Roger Godsiff told the campaigners they had a “just cause” and added: “I will continue to try and fight your corner because you’re right.”
Mr Godsiff, who represents the Hall Green constituency home to Anderton Park Primary School, also criticised the headteacher over the row.
His remarks, made on a video featuring protest organiser Shakeel Afsar, led to calls for the veteran MP to be thrown out of the party.
Angela Rayner, the shadow education secretary, said she had reported him to Labour’s chief whip, Nick Brown.
“This might be the personal views of Mr Roger Godsiff but they do not represent the Labour Party and are discriminatory and irresponsible,” she wrote on Twitter.
Wes Streeting, Labour MP for Ilford North, said he would be tabling a formal complaint to the party.
In a series of tweets, he said: “This made me feel sick to my stomach. One of my own Labour colleagues stood with people who have peddled hatred and bigotry on school gates, intimidating pupils, teachers and parents.
“If he was a Tory MP, we’d be all over it. ”There must be no place for hatred and apologists for hatred in the Labour Party.”
The LGBT Labour group also voted to condemn Mr Godsiff’s remarks and called for the Labour whip to be removed.
“No Labour MP should be pandering to the bigotry we have seen outside the school gates in Birmingham,” the group said on Twitter.
Weeks of protests led to the council obtaining a High Court interim injunction on 31 May banning demonstrations outside the school gates.
A judge is to reconsider the injunction on Monday.
The demonstrators claim the teaching is “over-emphasising a gay ethos”, and have criticised the use of two books, one involving two male penguins who raise an egg, and the other a boy who wears a dress.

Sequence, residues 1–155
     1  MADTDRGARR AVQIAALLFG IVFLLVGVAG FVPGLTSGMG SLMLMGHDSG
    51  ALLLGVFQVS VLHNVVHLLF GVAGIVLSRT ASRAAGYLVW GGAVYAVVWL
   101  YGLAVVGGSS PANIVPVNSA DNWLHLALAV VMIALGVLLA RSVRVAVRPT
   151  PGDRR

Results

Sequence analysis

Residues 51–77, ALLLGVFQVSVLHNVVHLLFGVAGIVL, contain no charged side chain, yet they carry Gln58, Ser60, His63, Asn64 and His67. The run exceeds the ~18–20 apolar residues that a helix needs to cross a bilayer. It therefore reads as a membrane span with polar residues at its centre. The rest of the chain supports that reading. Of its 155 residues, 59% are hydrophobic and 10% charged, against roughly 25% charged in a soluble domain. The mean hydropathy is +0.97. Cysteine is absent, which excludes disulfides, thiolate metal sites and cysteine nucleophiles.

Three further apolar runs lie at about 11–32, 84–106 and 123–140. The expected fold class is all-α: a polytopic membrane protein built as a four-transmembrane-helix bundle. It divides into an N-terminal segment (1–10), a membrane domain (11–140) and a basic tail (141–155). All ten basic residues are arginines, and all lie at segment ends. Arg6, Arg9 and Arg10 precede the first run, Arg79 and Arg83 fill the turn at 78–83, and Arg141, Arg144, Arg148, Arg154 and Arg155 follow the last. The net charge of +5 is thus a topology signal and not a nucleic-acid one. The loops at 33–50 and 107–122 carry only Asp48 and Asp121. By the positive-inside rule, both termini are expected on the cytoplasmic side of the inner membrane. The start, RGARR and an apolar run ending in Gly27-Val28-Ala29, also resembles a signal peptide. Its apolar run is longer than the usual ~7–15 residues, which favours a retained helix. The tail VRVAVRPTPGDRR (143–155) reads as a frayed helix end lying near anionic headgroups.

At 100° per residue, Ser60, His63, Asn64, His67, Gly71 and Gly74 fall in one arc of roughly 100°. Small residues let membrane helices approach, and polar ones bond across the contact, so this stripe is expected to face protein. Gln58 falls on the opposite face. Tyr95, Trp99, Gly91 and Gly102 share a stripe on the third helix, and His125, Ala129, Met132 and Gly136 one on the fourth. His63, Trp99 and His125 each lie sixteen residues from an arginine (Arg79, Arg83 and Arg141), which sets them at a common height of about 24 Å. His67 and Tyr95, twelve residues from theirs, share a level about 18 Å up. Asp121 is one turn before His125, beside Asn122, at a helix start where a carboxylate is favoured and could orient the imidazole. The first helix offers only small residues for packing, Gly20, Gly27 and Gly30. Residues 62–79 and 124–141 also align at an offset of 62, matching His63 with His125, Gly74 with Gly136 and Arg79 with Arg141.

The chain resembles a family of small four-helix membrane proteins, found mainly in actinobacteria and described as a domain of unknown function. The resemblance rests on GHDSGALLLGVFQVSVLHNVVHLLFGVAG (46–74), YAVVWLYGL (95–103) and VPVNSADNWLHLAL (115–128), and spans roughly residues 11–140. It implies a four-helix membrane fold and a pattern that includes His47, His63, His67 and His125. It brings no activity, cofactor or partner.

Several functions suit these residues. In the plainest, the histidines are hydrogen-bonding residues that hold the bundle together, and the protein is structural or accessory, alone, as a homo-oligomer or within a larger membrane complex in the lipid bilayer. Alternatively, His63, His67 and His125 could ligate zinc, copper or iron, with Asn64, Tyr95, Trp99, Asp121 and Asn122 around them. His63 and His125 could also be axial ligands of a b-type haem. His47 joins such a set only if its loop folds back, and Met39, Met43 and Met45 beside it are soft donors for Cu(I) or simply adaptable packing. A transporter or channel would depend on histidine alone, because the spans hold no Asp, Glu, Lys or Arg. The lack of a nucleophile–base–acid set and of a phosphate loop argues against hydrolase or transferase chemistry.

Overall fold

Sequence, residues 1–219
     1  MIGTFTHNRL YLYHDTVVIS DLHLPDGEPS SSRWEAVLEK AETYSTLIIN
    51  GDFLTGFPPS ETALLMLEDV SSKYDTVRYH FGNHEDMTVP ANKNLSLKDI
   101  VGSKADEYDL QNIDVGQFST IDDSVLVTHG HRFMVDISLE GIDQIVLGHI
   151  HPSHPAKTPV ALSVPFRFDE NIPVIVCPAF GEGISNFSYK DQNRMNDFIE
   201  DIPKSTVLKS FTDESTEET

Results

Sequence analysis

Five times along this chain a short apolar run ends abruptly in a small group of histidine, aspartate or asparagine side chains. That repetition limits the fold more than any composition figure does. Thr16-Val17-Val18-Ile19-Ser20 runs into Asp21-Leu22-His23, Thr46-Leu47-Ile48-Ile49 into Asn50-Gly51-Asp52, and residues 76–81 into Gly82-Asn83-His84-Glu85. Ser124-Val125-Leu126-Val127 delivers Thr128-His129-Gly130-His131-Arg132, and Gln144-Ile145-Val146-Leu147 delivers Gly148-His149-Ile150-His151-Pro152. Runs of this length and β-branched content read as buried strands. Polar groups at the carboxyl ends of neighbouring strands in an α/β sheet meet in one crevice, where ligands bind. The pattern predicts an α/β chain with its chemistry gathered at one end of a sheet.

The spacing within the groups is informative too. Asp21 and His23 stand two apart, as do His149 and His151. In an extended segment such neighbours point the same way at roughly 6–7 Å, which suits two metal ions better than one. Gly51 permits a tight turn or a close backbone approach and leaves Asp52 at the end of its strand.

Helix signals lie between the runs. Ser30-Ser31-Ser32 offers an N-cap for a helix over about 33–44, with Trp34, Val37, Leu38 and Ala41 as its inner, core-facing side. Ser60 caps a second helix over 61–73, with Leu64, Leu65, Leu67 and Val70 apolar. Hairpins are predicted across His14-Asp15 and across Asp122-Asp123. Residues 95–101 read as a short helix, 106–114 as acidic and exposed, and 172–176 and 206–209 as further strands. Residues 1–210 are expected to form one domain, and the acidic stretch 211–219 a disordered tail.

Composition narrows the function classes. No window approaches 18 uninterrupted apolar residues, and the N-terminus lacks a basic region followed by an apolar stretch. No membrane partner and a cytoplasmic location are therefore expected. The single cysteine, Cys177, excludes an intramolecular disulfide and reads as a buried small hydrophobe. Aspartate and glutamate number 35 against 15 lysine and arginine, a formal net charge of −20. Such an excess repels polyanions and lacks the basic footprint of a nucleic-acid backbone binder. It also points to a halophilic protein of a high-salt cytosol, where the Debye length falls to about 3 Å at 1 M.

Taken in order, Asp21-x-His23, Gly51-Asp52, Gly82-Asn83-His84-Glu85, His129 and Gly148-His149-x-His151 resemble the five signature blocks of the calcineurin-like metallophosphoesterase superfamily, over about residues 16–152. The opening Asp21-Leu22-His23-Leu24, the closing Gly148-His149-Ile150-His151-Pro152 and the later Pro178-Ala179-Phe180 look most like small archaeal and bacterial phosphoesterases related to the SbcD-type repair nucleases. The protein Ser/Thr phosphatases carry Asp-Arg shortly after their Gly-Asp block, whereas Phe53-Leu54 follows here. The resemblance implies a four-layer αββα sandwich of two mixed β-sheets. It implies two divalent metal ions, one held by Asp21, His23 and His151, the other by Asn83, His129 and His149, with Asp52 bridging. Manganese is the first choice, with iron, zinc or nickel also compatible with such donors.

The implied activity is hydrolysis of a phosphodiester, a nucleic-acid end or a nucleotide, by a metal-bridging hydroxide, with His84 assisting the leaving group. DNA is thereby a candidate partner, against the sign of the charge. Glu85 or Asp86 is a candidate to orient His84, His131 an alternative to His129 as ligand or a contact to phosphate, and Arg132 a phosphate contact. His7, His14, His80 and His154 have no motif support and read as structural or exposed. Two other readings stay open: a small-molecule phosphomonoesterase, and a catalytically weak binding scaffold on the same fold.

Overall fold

Headteacher Sarah Hewitt-Clarkson called the demonstrations “toxic and nasty” and said she has received threats since they started.
Mr Godsiff first waded into the row last month, saying he understood some parents’ concerns about whether the LGBT+ teaching was “age-appropriate” for children as young as four or five
In his latest comments Mr Godsiff said: “If I had the opportunity of rolling the clock back I would do exactly the same thing again.
“Because I think you have a just cause and I regret the fact that it hasn’t been reciprocated by the headteacher.”
Mr Godsiff also asked demonstrators to “consider calling the protest off” before adding: “I will continue to try and fight your corner because you’re right. Nothing more, nothing less. You’re right.
“I will continue to try and work to bring a resolution to this dispute but also to ensure that the school teaches the Equality Act in the same way it is being taught at all the other primary schools – where there isn’t a row.”
Brigid Jones, the Labour deputy leader of Birmingham City Council, responded: “How dare you tell men whose homophobic protests were so threatening and disruptive that they had a court injunction issued against them that they are ‘right’.
“You do not speak for me.”
A petition calling on the constituency Labour Party to deselect Mr Godsiff has gained more than 1,200 signatures.